The 18th-ranked North Carolina Tar Heels men’s lacrosse team is fighting for its NCAA postseason life.
Following a 16-15 ACC Tournament semifinal win over the top-ranked Syracuse Orange on Friday, the defending NCAA champion sits at an even 7-7 and will face the sixth-ranked Notre Dame Fighting Irish (8-3) in the ACC title game to be played at Duke’s Koskinen Stadium on Sunday at noon.
The Tar Heels must win the ACC Championship in order to be eligible for an at-large bid into the 2017 NCAA Tournament. A league tournament title alone won’t guarantee them a playoff spot as there is no automatic bid for the ACC champion.
However, a win over the Fighting Irish would give the Tar Heels the required winning record and a strong RPI, two NCAA selection committee criteria considered for postseason play.
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Both teams recently faced off on April 22 in South Bend, and the Irish claimed a 14-13 victory, making the Tar Heels’ road to the postseason a little longer and more treacherous.
North Carolina survived its semifinal challenge against the Orange, and now must dig down just as deep, or deeper, to pull out a win against the Irish.
Notre Dame head coach Kevin Corrigan knows what to expect.
“We see them in the exact same situation we saw them in the other day,” he said.
“They had to win that game the other day, or this tournament. So, we saw them in a very physical game, a very demanding game. This is what the ACC is. You get two unbelievably competitive games, two really high-level games, two completely different types of games. All the teams are good - they’re talented and well coached.”
The NCAA MVP from a year ago and UNC’s leading scorer, attackmen Chris Cloutier’s scoring pace is rising and will be critical to giving the Tar Heels the chance to win.
He scored four goals against Notre Dame last week and followed that up with three against Syracuse on Friday.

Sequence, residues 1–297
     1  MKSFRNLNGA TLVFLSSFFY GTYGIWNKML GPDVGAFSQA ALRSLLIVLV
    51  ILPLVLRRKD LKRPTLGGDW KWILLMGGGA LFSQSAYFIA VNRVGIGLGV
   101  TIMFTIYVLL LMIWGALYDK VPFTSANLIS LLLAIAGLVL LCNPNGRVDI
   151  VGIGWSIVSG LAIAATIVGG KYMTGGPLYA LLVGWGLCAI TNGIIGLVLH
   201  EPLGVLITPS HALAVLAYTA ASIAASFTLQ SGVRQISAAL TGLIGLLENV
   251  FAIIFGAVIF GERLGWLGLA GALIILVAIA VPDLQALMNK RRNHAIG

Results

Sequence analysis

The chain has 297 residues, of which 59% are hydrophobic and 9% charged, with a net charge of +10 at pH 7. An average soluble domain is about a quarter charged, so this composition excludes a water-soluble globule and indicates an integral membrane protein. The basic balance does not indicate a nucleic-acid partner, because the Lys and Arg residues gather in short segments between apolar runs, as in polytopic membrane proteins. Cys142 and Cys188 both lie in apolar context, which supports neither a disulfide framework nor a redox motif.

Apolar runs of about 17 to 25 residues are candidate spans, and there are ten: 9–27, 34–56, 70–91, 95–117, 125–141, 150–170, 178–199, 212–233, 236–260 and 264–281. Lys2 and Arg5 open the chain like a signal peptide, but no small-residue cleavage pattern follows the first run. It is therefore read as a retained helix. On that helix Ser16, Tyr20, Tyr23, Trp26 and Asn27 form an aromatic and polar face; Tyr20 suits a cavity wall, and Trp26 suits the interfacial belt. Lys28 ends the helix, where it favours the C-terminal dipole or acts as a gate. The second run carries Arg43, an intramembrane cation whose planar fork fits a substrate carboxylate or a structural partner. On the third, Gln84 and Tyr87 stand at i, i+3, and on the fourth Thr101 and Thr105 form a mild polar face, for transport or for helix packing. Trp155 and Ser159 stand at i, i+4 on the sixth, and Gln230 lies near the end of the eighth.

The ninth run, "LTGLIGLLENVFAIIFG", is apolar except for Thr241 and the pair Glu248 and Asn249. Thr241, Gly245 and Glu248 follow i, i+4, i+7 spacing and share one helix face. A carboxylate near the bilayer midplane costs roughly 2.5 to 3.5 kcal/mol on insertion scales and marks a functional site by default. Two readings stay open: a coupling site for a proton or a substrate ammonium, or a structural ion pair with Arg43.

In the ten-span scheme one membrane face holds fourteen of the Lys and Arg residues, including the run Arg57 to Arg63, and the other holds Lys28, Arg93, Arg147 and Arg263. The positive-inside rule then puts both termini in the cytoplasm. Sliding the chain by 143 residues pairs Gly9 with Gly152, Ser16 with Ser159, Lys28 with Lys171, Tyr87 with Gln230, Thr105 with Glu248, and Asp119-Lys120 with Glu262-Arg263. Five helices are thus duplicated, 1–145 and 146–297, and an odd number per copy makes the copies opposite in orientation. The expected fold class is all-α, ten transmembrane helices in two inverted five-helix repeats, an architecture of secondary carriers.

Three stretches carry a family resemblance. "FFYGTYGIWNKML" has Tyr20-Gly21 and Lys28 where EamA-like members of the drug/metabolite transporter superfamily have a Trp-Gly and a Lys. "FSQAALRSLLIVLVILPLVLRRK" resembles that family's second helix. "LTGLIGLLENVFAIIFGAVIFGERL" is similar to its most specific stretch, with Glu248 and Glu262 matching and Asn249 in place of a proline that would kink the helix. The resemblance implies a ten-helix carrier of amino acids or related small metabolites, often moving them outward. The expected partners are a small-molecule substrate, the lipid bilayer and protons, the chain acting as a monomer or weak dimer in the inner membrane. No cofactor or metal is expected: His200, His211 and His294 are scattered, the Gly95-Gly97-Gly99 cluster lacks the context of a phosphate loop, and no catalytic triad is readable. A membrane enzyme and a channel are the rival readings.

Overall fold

His leadership on the offensive end has been and will be critical for the Tar Heels to return to the NCAA Tournament.
However, he doesn’t feel as though he’s carrying the load, but rather that his teammates are all rallying together to do so at the right time.
Luke Goldstock, Andy Matthews, and Timmy Kelly, along with William Perry, Justin Anderson, Michael Tagliaferri, and Tanner Cook have spread the wealth amongst UNC’s offensive corps.
“All those guys are contributing every night,” Cloutier said.
“It’s easy to lead guys like that who want to contribute, and follow and learn, and be seen as equals on the team - and we are. We’re all equals. We’re meshing well right now.”
Defensively, captain Austin Pifani and goalkeeper Brian Balkam anchor a unit that plays aggressively and will be keys to shutting down Notre Dame’s offensive weapons in Ryder Garnsey, Sergio Perkovic, Mikey Wynne, and Bryan Costabile.
According to Cloutier, the Tar Heels will continue to play with a 0-0 mentality.
“The offense has complete faith in the defense in making the stops and getting us the ball, and the defense has complete faith in the offense. That’s the mentality we have to play with every game.”
After beating Syracuse, Pifani stated, “At the end of the day, it’s just a lacrosse game - we were fighting for tomorrow – just one more game with our brothers.”
Heading into Sunday’s game, the Tar Heels will suit up for another battle, and play for one another.
As they always do.
“We see them in the exact same situation we saw them in the other day,” Notre Dame head coach Kevin Corrigan said of the Tar Heels.
“They had to win that game the other day, or this tournament. So, we saw them in a very physical game, a very demanding game. This is what the ACC is. You get two unbelievably competitive games, two really high-level games, two completely different types of games. All the teams are good, they’re talented, and well coached.”
“It’s a pleasure to compete in this league,” Corrigan continued.
“You’re playing against great coaches, great opponents – everybody’s got the things that they do really well. They adjust game-to-game. You can’t just comeback and re-run the first game because they’ll kill you on stuff they saw. At the end of the year, you need to be able to play different ways. You may have a way that you most desire to play, but that may not be the game you find yourself in in the tournament, and you’ve gotta find a way to win the game you’re in. It might be a low-scoring game that you didn’t want, or a high-scoring game you didn’t want. The key is finding a way to win it.”